Investing isn't easy. Even Warren Buffett counsels that most investors should invest in a low-cost index like the S&P 500. That way, "you'll be buying into a wonderful industry, which in effect is all of American industry," he says.
But there are, of course, companies whose long-term fortunes differ substantially from the index. In this series, we look at how individual stocks have performed against the broad S&P 500.
Step on up, St. Jude Medical (NYSE:STJ).
St. Jude Medical shares have easily outperformed the S&P 500 over the past quarter-century, with most of the outperformance occurring in the past 15 years:
Since 1987, shares have returned an average of 18.1% a year, compared with 9.7% a year for the S&P (both include dividends). That difference adds up fast. One thousand dollars invested in the S&P in 1987 would be worth $19,200 today. In St. Jude Medical, it'd be worth $203,600.
Dividends accounted for a lot of those gains. Compounded since 1987, dividends have made up about 10% of St. Jude Medical's total returns. For the S&P, dividends account for 39% of total returns.
Now have a look at how St. Jude Medical earnings compare with S&P 500 earnings:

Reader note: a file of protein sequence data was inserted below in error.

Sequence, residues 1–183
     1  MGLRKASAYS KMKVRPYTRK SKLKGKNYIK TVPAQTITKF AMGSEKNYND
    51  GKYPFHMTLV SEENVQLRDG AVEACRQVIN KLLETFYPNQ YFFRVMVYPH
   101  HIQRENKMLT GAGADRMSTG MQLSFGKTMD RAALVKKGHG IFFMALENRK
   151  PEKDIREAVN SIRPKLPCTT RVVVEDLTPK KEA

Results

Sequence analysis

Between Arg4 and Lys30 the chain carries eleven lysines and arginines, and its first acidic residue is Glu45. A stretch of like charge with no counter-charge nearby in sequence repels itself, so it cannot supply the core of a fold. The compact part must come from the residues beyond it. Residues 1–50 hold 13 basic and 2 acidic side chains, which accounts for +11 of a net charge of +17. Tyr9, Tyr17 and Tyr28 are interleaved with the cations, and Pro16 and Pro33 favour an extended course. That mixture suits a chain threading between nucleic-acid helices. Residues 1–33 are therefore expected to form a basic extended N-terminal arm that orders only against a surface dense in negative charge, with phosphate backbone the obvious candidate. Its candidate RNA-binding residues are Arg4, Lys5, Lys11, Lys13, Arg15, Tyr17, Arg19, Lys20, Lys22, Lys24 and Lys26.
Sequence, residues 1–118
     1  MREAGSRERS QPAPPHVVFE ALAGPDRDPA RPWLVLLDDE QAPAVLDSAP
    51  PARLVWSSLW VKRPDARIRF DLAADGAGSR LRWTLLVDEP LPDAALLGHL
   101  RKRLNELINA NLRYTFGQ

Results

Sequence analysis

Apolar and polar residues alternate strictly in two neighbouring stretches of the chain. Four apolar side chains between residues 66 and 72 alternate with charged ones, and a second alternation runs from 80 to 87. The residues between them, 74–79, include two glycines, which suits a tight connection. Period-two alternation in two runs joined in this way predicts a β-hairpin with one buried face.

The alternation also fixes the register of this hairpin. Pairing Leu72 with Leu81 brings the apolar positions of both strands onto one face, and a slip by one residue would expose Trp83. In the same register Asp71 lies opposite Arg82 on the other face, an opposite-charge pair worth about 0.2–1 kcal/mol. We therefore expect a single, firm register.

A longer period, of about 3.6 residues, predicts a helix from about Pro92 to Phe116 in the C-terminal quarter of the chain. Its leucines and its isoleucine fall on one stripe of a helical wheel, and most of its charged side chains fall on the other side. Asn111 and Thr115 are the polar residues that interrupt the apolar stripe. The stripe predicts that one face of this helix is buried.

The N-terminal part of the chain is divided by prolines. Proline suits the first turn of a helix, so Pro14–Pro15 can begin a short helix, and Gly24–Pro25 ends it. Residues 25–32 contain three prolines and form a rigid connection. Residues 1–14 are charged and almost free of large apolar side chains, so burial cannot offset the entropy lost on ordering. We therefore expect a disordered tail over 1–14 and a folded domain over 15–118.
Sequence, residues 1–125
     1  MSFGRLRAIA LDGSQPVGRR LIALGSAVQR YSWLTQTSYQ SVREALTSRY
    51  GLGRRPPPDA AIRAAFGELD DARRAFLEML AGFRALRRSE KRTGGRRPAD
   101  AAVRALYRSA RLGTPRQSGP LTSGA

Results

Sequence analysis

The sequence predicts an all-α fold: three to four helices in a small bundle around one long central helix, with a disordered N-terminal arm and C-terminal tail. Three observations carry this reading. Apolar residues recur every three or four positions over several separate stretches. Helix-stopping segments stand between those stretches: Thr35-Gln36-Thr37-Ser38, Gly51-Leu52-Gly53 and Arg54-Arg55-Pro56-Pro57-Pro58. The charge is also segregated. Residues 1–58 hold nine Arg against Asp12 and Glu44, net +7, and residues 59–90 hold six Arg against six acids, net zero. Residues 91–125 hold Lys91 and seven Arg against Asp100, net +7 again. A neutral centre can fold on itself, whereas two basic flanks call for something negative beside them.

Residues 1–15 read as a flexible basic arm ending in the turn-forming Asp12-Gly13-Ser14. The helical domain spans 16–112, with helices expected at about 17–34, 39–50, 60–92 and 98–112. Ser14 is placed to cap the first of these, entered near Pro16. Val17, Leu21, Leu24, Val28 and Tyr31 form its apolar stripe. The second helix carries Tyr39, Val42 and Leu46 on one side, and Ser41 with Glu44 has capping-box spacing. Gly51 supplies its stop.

Big outperformance here, too. Since 1995, St. Jude Medical earnings per share have increased by an average of 14.1% a year, compared with 6% a year for the broader index.
What's that meant for valuations? St. Jude Medical has traded for an average of 28 times earnings since 1987 -- a bit above the 24 times earnings of the broader S&P 500.
Through it all, shares have been strong performers over the past quarter-century.
Of course, the important question is whether that will continue. That's where you come in. Our CAPS community currently ranks St. Jude Medical with a five-star rating (out of five). Care to disagree? Leave your thoughts in the comment section below, or add St. Jude Medical to My Watchlist.
Fool contributor Morgan Housel has no positions in the stocks mentioned above. The Motley Fool owns shares of St. Jude Medical. Try any of our Foolish newsletter services free for 30 days. We Fools don't all hold the same opinions, but we all believe that considering a diverse range of insights makes us better investors. The Motley Fool has a disclosure policy.